Russell: Saudi Arabia's Oil Price Hike To Asia May Be Self-Harming

It does seem that the Saudis are using pricing to try to tighten supply to Asia, which buys about two-thirds of the kingdom's exports.

This would fit alongside with the kingdom's stated aim of boosting prices by cutting output, along with other members of the Organization of the Petroleum Countries (OPEC) and allied producers such as Russia.

The Saudis are leading the efforts to lower output by a combined 1.8 million barrels per day (bpd), a move that aims to drain inventories by enough to lift prices over the longer run.

China Data Shows The Saudi Dilemma

But while it's relatively easy for the Saudis to increase their OSP by more than their customers expected, it's less easy to fight off competitors from outside the agreement to restrict production.

China, the world's biggest crude importer, is a case in point.

Saudi Arabia supplied 3.956 million tonnes of crude to China in April, according to customs figures released on May 23, taking their year-to-date total to 18.314 million.

This gave the Saudis a share of Chinese imports of 11.5 percent in April, lower than their January-April share of 13.2 percent.

What is probably more worrying for the Saudis is that their market share in China is heading in the wrong direction, given it was 13.4 percent for the whole of 2016.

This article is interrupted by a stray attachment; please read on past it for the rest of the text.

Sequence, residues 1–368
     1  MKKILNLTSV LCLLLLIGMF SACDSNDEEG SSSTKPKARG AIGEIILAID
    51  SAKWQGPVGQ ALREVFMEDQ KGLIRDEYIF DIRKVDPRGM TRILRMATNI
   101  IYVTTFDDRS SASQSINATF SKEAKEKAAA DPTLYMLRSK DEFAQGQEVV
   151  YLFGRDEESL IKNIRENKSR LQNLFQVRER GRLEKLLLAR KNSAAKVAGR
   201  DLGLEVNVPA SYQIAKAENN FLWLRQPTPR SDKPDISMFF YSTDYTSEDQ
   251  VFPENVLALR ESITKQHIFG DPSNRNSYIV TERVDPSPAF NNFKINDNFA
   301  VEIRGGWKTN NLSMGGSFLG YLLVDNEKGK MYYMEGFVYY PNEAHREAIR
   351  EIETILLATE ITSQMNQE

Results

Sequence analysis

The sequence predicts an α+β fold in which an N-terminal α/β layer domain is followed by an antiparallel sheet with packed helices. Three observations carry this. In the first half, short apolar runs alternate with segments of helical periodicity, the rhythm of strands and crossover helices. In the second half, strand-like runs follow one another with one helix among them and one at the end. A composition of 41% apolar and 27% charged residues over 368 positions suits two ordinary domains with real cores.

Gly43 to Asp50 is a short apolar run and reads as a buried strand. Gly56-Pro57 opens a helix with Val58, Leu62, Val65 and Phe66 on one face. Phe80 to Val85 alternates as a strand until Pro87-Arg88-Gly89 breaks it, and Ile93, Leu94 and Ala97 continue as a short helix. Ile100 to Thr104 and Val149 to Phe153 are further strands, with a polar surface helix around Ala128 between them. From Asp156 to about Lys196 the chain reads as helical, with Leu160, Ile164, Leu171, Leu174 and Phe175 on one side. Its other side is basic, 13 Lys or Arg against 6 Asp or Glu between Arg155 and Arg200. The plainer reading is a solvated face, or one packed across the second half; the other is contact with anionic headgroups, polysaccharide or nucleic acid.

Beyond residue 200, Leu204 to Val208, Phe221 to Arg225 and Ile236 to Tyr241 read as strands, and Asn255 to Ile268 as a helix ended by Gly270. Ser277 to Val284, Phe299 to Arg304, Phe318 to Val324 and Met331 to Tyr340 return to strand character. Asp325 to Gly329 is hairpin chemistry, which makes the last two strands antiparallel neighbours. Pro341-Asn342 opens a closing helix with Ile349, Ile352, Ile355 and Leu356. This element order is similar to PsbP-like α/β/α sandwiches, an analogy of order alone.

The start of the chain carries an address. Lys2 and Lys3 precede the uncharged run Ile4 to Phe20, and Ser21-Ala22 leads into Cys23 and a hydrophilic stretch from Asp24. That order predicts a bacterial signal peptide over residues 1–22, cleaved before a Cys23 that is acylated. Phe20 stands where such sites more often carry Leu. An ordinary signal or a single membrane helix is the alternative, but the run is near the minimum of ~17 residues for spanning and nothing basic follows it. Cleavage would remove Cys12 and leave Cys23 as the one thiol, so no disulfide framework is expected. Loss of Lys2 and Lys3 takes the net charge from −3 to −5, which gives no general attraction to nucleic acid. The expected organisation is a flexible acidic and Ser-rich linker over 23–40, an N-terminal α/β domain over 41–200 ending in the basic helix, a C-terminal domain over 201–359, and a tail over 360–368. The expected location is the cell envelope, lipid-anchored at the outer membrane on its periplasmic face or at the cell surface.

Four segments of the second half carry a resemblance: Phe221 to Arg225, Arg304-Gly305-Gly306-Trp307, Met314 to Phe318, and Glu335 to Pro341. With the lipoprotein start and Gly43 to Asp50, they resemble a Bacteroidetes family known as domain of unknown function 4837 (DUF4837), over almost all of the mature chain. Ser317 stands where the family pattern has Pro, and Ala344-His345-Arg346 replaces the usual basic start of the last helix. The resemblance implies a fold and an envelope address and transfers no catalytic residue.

In contrast, the share of Chinese imports enjoyed by Brazil, a producer outside the OPEC and allies agreement, is rising.

Brazil's share in the first four months of the year was 5.4 percent, up from 5 percent for the whole of the 2016.

And in a further sign that the Chinese are broadening their base of crude suppliers, the United States gained a 0.9 percent share of imports in the first four months of 2017, up from a negligible 0.13 percent in 2016.

While it's true that suppliers such as Brazil and the United States are minnows compared to Saudi Arabia and Russia when it comes to meeting China's oil needs, the point is that they seem able to take up the slack of any lower shipments from producers that may be restricting output.

And it's not only volumes that make disturbing reading for the Saudis and their allies, it's pricing as well.

Chinese data shows that the average price paid per tonne of crude oil in April was $379.81, or about $52.03 a barrel.


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